Graph databases are NoSQL systems created for exploring correlation within complexly interconnected entities. The structure addresses the limitations found in relational databases by putting a greater accent on the data relationship.
The graph database approach allows for more leisurely interconnection exploration, providing answers to complex questions about how data points relate to each other.
This article explains what graph databases are and how they work.
What Is a Graph Database?
A graph database is a NoSQL-type database system based on a topographical network structure. The idea stems from graph theory in mathematics, where graphs represent data sets using nodes, edges, and properties.
- Nodes or points are instances or entities of data which represent any object to be tracked, such as people, accounts, locations, etc.
- Edges or lines are the critical concepts in graph databases which represent relationships between nodes. The connections have a direction that is either unidirectional (one way) or bidirectional (two way).
- Properties represent descriptive information associated with nodes. In some cases, edges have properties as well.
For example, analyze some of the network locations of phoenixNap:
Nodes with descriptive properties form relationships represented by edges.
Graph databases provide a conceptual view of data more closely related to the real world. Modeling complex connections becomes easier since relationships between data points are given an equal value of importance as the data itself.
Graph Database vs. Relational Database
Graph databases are not meant to replace relational databases. As of now, relational databases are the industry standard. The most important aspect is to know what each database type has to offer.
Relational databases provide a structured approach to data, whereas graph databases are agile and focus on quick data relationship insight.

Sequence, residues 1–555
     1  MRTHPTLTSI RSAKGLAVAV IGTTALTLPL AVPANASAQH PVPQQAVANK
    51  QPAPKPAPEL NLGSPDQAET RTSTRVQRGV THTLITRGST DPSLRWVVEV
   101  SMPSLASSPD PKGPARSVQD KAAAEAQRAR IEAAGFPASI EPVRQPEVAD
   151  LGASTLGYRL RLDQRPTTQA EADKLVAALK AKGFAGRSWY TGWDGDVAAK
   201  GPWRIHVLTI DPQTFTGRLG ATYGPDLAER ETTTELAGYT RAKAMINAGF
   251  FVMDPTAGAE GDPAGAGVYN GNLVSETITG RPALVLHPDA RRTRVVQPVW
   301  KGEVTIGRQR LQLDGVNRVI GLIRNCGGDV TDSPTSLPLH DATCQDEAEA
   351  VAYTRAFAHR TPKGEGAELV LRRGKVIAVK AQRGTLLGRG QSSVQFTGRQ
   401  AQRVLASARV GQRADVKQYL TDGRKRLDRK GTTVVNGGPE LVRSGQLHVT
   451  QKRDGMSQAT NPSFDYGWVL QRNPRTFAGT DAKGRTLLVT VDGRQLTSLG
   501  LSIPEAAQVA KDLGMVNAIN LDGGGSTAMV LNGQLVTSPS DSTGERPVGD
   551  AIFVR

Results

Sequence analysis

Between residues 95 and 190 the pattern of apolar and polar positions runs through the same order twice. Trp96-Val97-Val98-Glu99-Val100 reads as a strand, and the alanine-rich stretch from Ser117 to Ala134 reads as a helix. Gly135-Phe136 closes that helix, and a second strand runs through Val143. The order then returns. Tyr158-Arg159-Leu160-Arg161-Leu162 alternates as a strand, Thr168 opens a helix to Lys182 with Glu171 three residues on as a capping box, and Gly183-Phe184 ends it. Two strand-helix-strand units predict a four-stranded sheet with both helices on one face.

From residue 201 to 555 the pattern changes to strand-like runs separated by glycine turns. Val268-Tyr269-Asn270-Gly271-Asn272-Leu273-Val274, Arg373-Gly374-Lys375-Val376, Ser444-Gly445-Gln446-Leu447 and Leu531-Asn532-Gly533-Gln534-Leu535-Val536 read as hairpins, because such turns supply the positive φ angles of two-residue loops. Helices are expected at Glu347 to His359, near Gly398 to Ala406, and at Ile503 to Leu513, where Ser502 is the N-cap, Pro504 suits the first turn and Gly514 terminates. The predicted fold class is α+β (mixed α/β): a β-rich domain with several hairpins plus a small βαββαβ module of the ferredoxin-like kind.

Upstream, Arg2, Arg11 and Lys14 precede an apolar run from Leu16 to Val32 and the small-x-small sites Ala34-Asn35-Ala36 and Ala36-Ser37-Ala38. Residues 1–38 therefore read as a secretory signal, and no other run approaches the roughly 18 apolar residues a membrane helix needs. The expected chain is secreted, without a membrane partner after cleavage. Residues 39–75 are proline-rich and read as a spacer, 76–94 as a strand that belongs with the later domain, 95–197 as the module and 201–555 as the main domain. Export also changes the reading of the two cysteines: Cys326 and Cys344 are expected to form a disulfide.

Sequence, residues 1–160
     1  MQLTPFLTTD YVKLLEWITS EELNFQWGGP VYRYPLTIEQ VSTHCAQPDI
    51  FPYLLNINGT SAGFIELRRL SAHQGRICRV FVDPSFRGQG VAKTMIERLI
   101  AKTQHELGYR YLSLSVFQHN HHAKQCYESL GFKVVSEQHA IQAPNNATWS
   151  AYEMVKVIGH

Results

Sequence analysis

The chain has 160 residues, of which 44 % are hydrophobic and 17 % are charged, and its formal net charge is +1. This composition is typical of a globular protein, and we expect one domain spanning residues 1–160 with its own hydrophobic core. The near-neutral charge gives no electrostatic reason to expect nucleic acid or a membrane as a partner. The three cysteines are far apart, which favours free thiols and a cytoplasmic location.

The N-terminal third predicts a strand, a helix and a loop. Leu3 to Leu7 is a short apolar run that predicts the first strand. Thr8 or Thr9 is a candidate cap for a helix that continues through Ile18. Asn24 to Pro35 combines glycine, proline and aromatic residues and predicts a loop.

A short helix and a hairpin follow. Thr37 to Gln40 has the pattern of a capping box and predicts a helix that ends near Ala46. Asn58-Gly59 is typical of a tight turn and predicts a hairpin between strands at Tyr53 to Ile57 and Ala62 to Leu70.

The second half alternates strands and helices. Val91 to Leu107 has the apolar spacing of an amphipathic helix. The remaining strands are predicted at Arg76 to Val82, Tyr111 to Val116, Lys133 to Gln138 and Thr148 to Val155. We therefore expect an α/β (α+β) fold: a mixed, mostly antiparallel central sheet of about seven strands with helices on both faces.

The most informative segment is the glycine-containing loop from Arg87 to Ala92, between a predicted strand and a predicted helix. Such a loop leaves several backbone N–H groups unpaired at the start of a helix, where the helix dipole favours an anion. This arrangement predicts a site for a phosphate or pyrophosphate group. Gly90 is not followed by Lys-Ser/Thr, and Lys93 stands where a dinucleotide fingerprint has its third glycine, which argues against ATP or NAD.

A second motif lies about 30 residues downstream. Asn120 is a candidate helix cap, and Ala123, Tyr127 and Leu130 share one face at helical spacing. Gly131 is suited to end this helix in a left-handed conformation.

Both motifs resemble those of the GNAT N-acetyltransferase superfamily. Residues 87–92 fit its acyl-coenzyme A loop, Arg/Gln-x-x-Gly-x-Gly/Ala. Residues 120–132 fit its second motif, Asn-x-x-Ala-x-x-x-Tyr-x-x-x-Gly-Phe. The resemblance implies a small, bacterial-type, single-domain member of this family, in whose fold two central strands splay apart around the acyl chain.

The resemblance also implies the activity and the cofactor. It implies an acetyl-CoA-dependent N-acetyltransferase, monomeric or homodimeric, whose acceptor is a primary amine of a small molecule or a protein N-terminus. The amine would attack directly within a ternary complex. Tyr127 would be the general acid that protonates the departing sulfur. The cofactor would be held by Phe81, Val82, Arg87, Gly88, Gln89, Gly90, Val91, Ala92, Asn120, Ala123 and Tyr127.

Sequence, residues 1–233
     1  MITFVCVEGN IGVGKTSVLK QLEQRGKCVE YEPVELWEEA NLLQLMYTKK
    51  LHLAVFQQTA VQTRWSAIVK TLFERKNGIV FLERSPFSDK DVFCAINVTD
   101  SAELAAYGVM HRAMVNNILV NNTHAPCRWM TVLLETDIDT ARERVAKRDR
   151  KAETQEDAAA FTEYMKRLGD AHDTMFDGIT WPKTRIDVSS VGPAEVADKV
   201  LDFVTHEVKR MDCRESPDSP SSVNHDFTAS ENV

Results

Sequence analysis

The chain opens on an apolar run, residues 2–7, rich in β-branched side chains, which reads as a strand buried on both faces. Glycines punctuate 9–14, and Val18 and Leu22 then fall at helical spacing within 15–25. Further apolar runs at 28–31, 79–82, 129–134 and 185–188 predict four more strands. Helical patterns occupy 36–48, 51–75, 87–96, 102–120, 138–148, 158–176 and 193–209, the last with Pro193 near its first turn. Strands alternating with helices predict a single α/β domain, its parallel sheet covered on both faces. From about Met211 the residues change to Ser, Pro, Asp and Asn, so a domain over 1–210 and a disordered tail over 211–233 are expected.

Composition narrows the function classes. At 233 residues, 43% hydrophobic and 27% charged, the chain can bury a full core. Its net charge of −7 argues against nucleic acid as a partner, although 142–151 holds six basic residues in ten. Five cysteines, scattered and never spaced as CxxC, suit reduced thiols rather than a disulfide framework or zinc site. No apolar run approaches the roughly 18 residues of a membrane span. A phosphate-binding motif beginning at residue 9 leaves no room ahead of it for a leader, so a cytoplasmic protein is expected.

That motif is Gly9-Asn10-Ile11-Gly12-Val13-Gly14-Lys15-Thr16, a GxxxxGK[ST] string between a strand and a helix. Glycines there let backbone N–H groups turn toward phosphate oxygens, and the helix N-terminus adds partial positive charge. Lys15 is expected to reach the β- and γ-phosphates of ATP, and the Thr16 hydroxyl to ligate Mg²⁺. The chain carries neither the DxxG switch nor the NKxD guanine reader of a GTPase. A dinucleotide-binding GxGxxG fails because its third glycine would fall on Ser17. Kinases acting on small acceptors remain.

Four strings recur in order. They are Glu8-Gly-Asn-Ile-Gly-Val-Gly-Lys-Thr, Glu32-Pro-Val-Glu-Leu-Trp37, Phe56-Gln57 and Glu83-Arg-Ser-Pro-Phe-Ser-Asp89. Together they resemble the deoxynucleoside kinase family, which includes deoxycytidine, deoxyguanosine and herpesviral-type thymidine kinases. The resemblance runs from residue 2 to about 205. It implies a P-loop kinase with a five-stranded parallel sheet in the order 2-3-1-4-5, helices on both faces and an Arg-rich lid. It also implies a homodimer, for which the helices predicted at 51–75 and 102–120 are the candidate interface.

Both graph and relational databases have their domain. Use cases with complex relationships leverage the power of graph databases, outperforming traditional relational databases. Relational databases such as MySQL or PostgreSQL require careful planning when creating database models, whereas graphs have a much more naturalistic and fluid approach to data.
The following table outlines the critical differences between graph and relational databases:
|Format||Nodes and edges with properties||Tables with rows and columns|
|Relationships||Represented with edges between nodes||Created using foreign keys between tables|
|Complex queries||Quick and responsive||Requires complex joins|
|Use-case||Systems with highly connected relationships||Transaction focused systems with more straightforward relationships|
How Do Graph Databases Work?
Graph databases work by treating data and relationships between data equally. Related nodes are physically connected, and the physical connection is also treated as a piece of data.
Modeling data in this way allows querying relationships in the same manner as querying the data itself. Instead of calculating and querying the connection steps, graph databases read the relationship from storage directly.
Graph databases are more closely related to other NoSQL data modeling techniques in terms of agility, performance, and flexibility. Like other NoSQL databases, graphs do not have schemas, which makes the model flexible and easy to alter along the way.
Graph Database Use Case Examples
There are many notable examples where graph databases outperform other database modeling techniques, some of which include:
- Real-Time Recommendation Engines. Real-time product and ecommerce recommendations provide a better user experience while maximizing profitability. Notable cases include Netflix, eBay, and Walmart.
- Master Data Management. Linking all company data to one location for a single point of reference provides data consistency and accuracy. Master data management is crucial for large-scale global companies.
- GDPR and regulation compliances. Graphs make tracking of data movement and security easier to manage. The databases reduce the potential of data breaches and provide better consistency when removing data, improving the overall trust with sensitive information.
- Digital asset management. The amount of digital content is massive and constantly increasing. Graph databases provide a scalable and straightforward database model to keep track of digital assets, such as documents, evaluations, contracts, etc.